Juvenile Justice Project student-attorney Karilynn Lee testified yesterday before Maryland’s House Judiciary Committee in support of legislation to reform the parole process. House Bill 846 would remove the governor from the parole process for individuals serving life terms. While the U.S. Supreme Court, in Montgomery v. Louisiana, held in 2016 that people who committed crimes […]
The University of Baltimore Students for Public Interest (UBSPI) holds an annual auction that raises money for stipends to help UB law students working for public-interest organizations over the summer. Last year, the auction raised enough to cover 14 stipends.
As the 24th Annual Public Interest Gala & Auction approaches, we will share testimonials from students who have benefited from the generosity of UBSPI donors.
Every donation to UBSPI supports not just our students but also the important work they do to advance social justice in the Baltimore region.
Harry Snoots, 2L
Mid-Shore Pro Bono (MSPB)
“While working with Mid-Shore Pro Bono (MSPB), I was able to interact with clients who needed help in areas such as elder law, consumer protection, foreclosure prevention…
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The University of Baltimore School of Law, with the Maryland Volunteer Lawyers Service (MVLS) and the University of Maryland Francis King Carey School of Law, will offer a free program on Saturday, March 3 to help Marylanders who make less than $14.50 an hour and owe back taxes.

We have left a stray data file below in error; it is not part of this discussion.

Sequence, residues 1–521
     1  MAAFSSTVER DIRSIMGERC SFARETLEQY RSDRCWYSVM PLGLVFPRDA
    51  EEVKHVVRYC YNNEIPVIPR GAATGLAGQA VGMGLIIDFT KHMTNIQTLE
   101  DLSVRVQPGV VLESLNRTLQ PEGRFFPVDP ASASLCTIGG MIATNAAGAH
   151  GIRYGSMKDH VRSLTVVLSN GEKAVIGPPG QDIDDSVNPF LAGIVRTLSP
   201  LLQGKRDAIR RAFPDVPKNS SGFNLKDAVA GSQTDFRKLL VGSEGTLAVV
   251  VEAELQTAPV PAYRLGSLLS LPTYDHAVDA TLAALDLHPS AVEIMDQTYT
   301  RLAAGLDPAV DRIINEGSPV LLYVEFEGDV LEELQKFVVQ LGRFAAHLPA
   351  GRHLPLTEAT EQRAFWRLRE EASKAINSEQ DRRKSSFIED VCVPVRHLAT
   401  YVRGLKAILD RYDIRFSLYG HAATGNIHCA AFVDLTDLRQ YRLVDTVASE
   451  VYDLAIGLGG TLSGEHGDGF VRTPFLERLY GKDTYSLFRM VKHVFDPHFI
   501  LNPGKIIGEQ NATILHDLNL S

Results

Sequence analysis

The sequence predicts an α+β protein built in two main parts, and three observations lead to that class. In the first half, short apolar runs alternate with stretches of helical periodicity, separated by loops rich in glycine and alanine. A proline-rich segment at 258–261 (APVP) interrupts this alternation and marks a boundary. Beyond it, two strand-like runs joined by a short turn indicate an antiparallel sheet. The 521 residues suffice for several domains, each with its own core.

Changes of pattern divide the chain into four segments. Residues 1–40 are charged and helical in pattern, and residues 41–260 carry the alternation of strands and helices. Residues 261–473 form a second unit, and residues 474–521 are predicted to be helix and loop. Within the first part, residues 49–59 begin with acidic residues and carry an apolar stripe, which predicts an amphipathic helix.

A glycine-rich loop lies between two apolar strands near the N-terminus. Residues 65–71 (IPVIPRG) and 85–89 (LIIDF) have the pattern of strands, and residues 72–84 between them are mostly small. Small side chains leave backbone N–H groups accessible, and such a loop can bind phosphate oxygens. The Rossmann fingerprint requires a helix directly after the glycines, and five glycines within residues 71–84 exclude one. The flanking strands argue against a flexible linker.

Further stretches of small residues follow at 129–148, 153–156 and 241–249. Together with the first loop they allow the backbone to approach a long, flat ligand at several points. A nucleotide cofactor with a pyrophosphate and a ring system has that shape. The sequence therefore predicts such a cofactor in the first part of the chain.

The “Offer in Compromise” program allows taxpayers to offer the Internal Revenue Service an amount they can afford to pay in exchange for the IRS’s dropping the amount owed in back taxes. The amount actually paid is decided based on each individual’s financial situation, as well as on other circumstances, according to an article in The Daily Record.
John Snyder III, the director of UB’s Low-Income Taxpayer Clinic, and the director of the University of Maryland’s tax clinic will give a joint presentation to the taxpayers before student-attorneys from the two law schools meet with taxpayers individually.
Attendees must register in…
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From left: 3L Jasmine Pope and her client Bessy.
Jasmine Pope, a 3L, published a post in the ImmigrationProf blog about her experience last semester representing Bessy, a transgender woman from El Salvador.
At first, Pope said, she was nervous about whether Bessy would like her and consider her a competent advocate. But Pope said she also began with the determination to do her best by her client, “a woman I had yet to meet, whose story I had yet to fully understand.”
As Pope got to know Bessy and delved deeper into her case, she said, she became afraid of what could happen: “The more confident I became in my knowledge of Bessy and asylum law, the more terrified I became that no matter how hard I worked and how deserving I believed my client to be, the system could work against us.”
Pope said her clinic…